2-Furyl methyl ketone
This predominantly caramel ingredient offers nutty
and balsamic nuances.
John Wright; email@example.com
Most brown, caramel notes need to be used with care in flavors that do not have an obviously
cooked character. Even at subtle levels,
they can detract from the impression
of freshness in other flavor categories.
This is especially true in the case of fruit
flavors. 2-Furyl methyl ketone (FEMA#
3163, CAS# 1192-62-7), also commonly
kno wn as 2-acetyl furan, works very well in
a wide range of brown, nutty, fermented
and savory profiles but it is also very
helpful well outside these categories.
The profile is predominantly caramel, but
it also conveys subtle nutty and balsamic
nuances. It is particularly useful in fruit
flavors, and at modest levels of addition
it serves to add realism and naturalness
without taking away any of the desirable
Several related chemicals are also
useful in flavors, notably 2-acetyl-5-meth-
ylfuran (FEMA# 3609, CAS# 1193-79-9),
2-acetyl- 3,5-dimethylfuran (FEMA#
4071, CAS# 22940-86-9) and 3-acetyl-
2,5-dimethylfuran (FEMA# 3391, CAS#
10599-70-9). All of these ingredients
are interesting, use choices being determined by cost and use considerations,
but 2-furyl methyl ketone has by far the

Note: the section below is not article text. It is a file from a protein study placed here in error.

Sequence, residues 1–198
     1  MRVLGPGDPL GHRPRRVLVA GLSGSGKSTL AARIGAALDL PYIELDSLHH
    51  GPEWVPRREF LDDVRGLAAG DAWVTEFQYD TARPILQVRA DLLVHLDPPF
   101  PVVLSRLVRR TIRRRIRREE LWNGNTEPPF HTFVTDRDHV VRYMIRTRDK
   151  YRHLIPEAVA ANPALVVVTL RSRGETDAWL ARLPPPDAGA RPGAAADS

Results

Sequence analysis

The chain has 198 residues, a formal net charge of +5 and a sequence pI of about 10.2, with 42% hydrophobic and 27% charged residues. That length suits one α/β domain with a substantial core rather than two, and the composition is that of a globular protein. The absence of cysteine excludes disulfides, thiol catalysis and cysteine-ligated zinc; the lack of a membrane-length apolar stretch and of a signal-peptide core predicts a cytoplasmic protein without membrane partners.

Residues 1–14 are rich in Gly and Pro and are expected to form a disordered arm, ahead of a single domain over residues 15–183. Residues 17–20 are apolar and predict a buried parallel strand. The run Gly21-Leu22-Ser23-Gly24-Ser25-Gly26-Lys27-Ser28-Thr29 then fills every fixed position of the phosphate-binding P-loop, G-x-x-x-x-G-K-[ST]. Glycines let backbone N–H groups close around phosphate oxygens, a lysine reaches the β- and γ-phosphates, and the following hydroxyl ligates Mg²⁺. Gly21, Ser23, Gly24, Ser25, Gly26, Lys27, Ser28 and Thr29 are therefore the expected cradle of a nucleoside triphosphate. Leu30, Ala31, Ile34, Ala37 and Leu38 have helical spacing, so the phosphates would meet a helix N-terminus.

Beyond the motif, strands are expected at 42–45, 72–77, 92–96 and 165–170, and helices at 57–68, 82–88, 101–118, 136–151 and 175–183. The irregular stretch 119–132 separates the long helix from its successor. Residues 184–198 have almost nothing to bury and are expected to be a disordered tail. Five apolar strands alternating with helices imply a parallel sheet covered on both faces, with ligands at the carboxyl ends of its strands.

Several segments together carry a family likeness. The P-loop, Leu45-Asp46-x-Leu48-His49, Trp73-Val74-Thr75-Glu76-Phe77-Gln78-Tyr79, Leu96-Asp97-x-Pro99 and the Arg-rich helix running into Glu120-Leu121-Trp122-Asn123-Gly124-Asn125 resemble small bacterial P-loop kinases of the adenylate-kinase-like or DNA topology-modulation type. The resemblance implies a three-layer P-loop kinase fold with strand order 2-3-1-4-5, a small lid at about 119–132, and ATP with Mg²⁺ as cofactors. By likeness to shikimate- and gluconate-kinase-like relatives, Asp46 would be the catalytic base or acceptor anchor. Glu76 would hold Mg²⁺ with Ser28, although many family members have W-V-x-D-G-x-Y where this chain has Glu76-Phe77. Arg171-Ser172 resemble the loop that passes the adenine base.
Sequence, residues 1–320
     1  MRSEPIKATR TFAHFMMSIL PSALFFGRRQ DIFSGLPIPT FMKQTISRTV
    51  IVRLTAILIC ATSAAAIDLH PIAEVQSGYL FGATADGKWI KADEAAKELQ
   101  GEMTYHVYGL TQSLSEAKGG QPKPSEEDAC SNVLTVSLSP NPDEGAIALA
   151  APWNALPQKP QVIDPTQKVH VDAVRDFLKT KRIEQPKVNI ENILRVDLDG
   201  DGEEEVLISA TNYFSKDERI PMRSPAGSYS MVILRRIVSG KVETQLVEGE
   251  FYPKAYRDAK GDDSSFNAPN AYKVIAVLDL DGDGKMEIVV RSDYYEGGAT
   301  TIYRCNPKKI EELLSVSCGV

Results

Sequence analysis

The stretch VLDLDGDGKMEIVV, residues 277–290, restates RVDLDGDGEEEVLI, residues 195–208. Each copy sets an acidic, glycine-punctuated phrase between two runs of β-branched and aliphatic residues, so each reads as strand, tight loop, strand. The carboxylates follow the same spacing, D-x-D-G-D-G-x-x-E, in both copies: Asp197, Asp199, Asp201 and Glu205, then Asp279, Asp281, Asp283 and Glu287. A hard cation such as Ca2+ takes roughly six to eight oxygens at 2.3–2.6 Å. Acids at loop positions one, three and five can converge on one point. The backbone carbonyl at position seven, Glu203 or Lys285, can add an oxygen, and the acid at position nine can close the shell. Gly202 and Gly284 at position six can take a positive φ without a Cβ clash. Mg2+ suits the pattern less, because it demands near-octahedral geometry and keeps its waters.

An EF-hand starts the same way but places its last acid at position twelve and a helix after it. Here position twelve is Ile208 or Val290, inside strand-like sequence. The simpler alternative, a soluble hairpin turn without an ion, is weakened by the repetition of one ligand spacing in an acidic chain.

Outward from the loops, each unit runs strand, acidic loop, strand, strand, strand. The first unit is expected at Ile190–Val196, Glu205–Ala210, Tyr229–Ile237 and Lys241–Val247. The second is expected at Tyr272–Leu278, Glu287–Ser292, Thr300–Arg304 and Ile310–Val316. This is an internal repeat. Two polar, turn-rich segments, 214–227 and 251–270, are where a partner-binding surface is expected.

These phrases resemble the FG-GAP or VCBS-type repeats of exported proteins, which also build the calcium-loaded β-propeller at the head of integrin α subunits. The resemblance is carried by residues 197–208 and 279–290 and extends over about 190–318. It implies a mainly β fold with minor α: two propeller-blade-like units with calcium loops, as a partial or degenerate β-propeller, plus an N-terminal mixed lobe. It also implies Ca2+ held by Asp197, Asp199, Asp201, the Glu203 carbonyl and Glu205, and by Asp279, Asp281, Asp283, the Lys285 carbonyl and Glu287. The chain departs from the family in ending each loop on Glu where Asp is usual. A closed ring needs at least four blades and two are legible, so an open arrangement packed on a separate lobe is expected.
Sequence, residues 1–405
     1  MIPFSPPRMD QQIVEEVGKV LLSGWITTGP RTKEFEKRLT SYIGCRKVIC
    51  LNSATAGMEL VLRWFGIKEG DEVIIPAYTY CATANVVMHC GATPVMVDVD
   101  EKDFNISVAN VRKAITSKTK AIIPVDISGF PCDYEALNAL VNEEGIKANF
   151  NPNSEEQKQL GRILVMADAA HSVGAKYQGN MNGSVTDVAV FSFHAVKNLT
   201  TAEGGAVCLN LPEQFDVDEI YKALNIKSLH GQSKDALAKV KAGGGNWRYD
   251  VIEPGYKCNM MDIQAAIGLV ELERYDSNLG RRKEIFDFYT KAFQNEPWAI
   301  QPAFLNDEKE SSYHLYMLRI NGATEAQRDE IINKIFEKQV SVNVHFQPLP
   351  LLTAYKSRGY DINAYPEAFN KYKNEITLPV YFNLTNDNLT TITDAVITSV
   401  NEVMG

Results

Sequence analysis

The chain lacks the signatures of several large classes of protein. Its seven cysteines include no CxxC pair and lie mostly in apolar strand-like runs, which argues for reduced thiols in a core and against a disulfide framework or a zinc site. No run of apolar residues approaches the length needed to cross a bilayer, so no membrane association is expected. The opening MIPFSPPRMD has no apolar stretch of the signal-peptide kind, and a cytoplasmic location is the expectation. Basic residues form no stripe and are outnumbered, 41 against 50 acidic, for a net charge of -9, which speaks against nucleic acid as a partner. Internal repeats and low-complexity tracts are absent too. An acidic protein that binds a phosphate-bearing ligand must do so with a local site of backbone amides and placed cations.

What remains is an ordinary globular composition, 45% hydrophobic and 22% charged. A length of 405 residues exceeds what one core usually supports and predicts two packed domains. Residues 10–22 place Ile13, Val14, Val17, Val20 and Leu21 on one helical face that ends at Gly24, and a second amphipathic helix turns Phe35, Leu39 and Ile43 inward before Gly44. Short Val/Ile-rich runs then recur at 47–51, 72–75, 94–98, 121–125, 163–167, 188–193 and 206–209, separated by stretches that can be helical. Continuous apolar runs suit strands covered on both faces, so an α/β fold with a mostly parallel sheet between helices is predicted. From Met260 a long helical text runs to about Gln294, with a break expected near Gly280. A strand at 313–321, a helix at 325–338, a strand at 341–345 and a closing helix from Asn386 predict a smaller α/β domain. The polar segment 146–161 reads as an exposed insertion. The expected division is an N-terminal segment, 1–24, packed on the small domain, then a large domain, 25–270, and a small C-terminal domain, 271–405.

widest range of use.
The dose rates given below are the
levels of 2-furyl methyl ketone to be used
in flavors that are intended to be dosed
at 0.05% in a ready-to-drink taster, beverage or bouillon.
Caramel: Above all 2-furyl methyl ketone
has an excellent caramel profile, aromatic
without being harsh at high levels. Two
thousand ppm is probably near the optimal level of addition in caramel flavors,
but even higher levels are possible.
Maple: This ingredient works well in
traditional-style maple flavors at around
2,000 ppm. Similar, and possibly even
higher, levels are very effective in flavors
attempting to recreate the character of
genuine maple syrup.
Honey: A level of 2,000 ppm is also
very effective in honey flavors. This is
particularly true when there is a dominant floral note.
Bread: Bread flavors can be quite
challenging to recreate because they
must combine subtlety and impact. This
ingredient gives great impact and added
realism at levels around 2,000 ppm.
Butterscotch: Butterscotch flavors
have many points in common with caramel flavors and similar comments can be
made about the use of this ingredient. A
level of 2,000 ppm is once again a good
place to start.
Licorice: Licorice flavors often need
additional complexity and this component
performs well at levels in the region of
Malt: Malt flavors also benefit from
relatively high levels of 2-furyl methyl
ketone. A level of 1,500 ppm is a good
starting point, but even higher levels can
Brown sugar: A level of 1,500 ppm
also works well in brown sugar flavors,
adding depth and authenticity. Higher
levels are practical in molasses flavors.